MORE WILD THINGS

corona times

DSC_3227 violas

Over the past week I have accumulated a number of more photos  of wild flowers and insects in the garden and beyond.  I am going a little further afield now and have some images of some coastal wildflowers as well as those in and around my garden.

Above are wild violas, very small flowers which are very common on the roadsides. Below are several photos of thrift, or sea pinks. They grow on cliffs overlooking the sea, and close by. The individual flowers are very tiny, but they grow in clusters and can be quite stunning.

DSC_3210 thrift pinks

 

 

DSC_3209 thrift pinks

 

 

DSC_3203 thrift pinks

 

 

DSC_3205 thrift pinks

 

 

DSC_3189 pinks thrift

 

 

DSC_3192 white thrift

Below are white thrift, not so common as the pink variety. Don’t know the name of the above flower.

 

DSC_3187 white thrift

 

 

 

DSC_3126 escallonia and bee

Escallonia above, not a wild flower but I love the bee – he’s so fluffy he’s almost cuddly!

 

DSC_3111 dragon flies

I recently read on another person’s blog that dragon flies are scarce at this time of the year. Not sure where he lives but my garden is teeming with them, which I’m very happy about because they eat loads of midges and mosquitoes – yes we do have mosquitoes here, although some people think we don’t. I certainly know when I’ve been bitten by one!  Thankfully no malaria here.

DSC_3098 dragon flies

 

 

DSC_3108 dragon fly and buttercups

 

 

DSC_3006 flower

I’m really not sure what flower this is. It’s very small and reminds me of an antirrhinum.

 

DSC_3059 primrose hedge

A hedge of primroses.

 

DSC_3057 dandelions

Common dandelions.

 

DSC_3056 dandelions

 

 

DSC_3049 herb robert

Above and below, herb robert.

 

DSC_3046 herb robert

Below, scarlet pimpernel, which looks rather orange when you see it on the ground. It’s a really tiny flower but the colour just sings out.

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This fellow above looked like some kind of shield bug. He was hanging about on my window and I took this shot with my phone from the inside.  On reviewing the image later I was better able to see it.  He was not much more than 10mm long.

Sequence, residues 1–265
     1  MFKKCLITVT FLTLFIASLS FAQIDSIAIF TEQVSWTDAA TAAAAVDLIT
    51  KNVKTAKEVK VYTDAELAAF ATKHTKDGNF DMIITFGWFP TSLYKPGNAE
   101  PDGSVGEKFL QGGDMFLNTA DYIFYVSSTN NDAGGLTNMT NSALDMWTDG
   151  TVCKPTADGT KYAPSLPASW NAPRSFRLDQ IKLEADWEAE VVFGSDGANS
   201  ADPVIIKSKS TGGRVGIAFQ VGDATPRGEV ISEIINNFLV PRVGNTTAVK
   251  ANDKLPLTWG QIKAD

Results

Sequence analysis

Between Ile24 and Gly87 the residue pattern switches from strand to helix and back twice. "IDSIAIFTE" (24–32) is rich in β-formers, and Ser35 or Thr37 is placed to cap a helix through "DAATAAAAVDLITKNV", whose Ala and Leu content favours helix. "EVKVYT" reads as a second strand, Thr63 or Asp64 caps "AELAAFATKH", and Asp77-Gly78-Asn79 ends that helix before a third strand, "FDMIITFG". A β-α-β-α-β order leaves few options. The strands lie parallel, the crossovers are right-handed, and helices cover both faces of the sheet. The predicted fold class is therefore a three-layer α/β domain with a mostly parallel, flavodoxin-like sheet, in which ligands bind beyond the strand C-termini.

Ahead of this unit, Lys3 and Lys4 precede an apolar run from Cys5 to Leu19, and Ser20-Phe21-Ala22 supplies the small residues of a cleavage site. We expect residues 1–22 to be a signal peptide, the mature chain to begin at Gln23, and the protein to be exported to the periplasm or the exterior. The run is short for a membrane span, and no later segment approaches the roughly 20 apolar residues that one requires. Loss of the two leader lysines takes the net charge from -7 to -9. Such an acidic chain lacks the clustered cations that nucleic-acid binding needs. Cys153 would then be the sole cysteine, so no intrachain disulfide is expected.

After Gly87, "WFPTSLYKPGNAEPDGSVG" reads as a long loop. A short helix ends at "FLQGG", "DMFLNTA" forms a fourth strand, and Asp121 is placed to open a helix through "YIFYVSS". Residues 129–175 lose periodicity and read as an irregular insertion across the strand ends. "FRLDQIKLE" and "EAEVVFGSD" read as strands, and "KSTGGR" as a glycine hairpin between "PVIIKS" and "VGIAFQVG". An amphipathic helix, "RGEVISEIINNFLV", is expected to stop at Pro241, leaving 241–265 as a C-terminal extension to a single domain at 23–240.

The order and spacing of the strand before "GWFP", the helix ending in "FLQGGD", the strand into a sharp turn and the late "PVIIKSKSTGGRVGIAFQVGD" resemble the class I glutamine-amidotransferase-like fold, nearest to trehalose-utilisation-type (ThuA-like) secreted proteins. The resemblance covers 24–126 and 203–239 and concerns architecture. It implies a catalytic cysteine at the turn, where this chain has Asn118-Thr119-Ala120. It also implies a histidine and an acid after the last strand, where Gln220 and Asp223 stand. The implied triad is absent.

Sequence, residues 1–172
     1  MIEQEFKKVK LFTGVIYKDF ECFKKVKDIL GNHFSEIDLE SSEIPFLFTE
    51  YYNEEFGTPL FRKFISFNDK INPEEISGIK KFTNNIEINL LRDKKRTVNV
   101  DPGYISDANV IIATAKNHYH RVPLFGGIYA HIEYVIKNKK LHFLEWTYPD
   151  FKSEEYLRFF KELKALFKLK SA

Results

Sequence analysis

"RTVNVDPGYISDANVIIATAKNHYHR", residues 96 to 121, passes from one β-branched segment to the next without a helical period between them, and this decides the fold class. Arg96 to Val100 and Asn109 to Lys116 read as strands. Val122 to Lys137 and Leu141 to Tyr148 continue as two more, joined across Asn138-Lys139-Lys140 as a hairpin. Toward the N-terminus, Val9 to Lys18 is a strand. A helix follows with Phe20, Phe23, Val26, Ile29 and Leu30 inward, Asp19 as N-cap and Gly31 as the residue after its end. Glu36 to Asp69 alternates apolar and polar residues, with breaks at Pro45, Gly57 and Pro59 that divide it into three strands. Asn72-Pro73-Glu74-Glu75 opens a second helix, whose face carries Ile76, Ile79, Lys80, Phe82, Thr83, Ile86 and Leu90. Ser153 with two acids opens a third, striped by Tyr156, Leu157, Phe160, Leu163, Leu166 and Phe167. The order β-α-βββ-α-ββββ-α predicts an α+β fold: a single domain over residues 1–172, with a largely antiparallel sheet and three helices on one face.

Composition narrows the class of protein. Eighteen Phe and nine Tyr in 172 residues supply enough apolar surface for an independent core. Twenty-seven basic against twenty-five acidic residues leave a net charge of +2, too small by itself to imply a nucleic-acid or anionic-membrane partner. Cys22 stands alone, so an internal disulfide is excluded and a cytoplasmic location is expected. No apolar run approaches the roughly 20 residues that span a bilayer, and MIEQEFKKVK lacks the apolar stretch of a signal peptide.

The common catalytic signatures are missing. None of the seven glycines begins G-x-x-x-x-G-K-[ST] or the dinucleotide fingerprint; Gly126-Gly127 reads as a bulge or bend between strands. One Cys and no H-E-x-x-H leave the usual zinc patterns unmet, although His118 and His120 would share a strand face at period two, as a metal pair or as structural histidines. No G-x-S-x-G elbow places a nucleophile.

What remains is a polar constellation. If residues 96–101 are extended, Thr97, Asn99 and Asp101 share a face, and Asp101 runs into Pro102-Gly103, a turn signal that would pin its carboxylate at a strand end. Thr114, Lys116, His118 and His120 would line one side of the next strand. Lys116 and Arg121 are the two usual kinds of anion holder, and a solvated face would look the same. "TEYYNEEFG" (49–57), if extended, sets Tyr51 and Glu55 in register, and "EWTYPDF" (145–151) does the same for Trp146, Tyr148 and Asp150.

Irish wildflower photos available on my website:

https://www.helene-brennan.com/c802-irish-wildflowers-photos

I can receive enquiries through my website.

More soon. Thanks for visiting today, please come back. KEEP SAFE!

WILD AND FREE

corona times

Wild and free as we would like to be – just now! This post features more wild flowers and insects, in and around my garden, where I search for inspiration to create interesting images, while I’m staying at home.

There are reports of people getting complacent and stealing out and about where they should not go, and I completely understand them. The longer we are restricted, the harder it is. But wandering around the garden with my camera is very absorbing and I have enjoyed being more observant about the little things that appear around my home.

DSC_2777 cuckoo flower

These delightful white flowers are actually very small and they are called cuckoo flowers.

DSC_2779 cuckoo flower

 

DSC_2780 cuckoo flower

 

DSC_2788 cuckoo flower

 

DSC_2783 speedwell

Known as speedwell apparently, these very small blue ones, but when I was a child we called them sore eyes, for some reason. I may have been misinformed. There is another little white flower called eyebright. Perhaps it was confused with that one.

DSC_2784 speedwell

 

DSC_2787 speedwell

 

DSC_2791 primroses

Primroses, above

 

DSC_2802 dragon fly

There is at least a few varieties of dragon fly in my garden. This is the first I’ve seen this year. It’s a very skinny fellow, blue and black. I love the large all blues, but I haven’t seen any yet this year. I find it very difficult to capture them – they don’t like you to get too close, and my lens is not particularly suitable for this type of photography.

DSC_2803 dragon fly

Mid flight, above.

DSC_2807 butterfly on appleblossom

A lovely speckled wood butterfly on the apple blossom.

DSC_2808 butterfly on apple blossom

 

DSC_2817 dandelion seed head

Dandelion seed heads.

DSC_2824 dandelion seed head

In my youth we used to blow the seeds off these, saying – he loves me – he loves me not -he loves me….. whatever happens on the last blow would be the truth. I don’t think we ever believed it and certainly not if it turned up a negative final statement! We had fun that cost nothing, and didn’t require any digital technology – there wasn’t any!

DSC_2765 dandelion seed head

 

DSC_2821 buttercup

Buttercups, of course, and with a fly below.

DSC_2762 buttercup

 

DSC_2819 buttercups

 

DSC_2829 thistle flower

Red clover.

DSC_2828 thistle flower

 

DSC_2831 thistle flower

 

DSC_2825 ribwort plantain with insect

Ribwort plantain, above and below. It has a brown insect on it in these photos.

DSC_2827 ribwort plantain with insect

 

DSC_2834 dandelions

Ragged dandelions, just for the variety. I’ll have to get better images of these next time.

One thought that often occurs to me is that for the first time in my living memory, there are people all over the world now who are living the same restricted lifestyle, coping with the same difficulties that come with those restrictions, listening to the same WHO reports and advice and extending themselves in terms of creativity and development in ways that otherwise may never have happened. In the most unexpected way we have a common uniting force, we are communicating more than we did before Covid-19 arrived, albeit digitally. We can understand the issues affecting others in far away countries from ourselves, in a much more empathetic way than ever before, I think.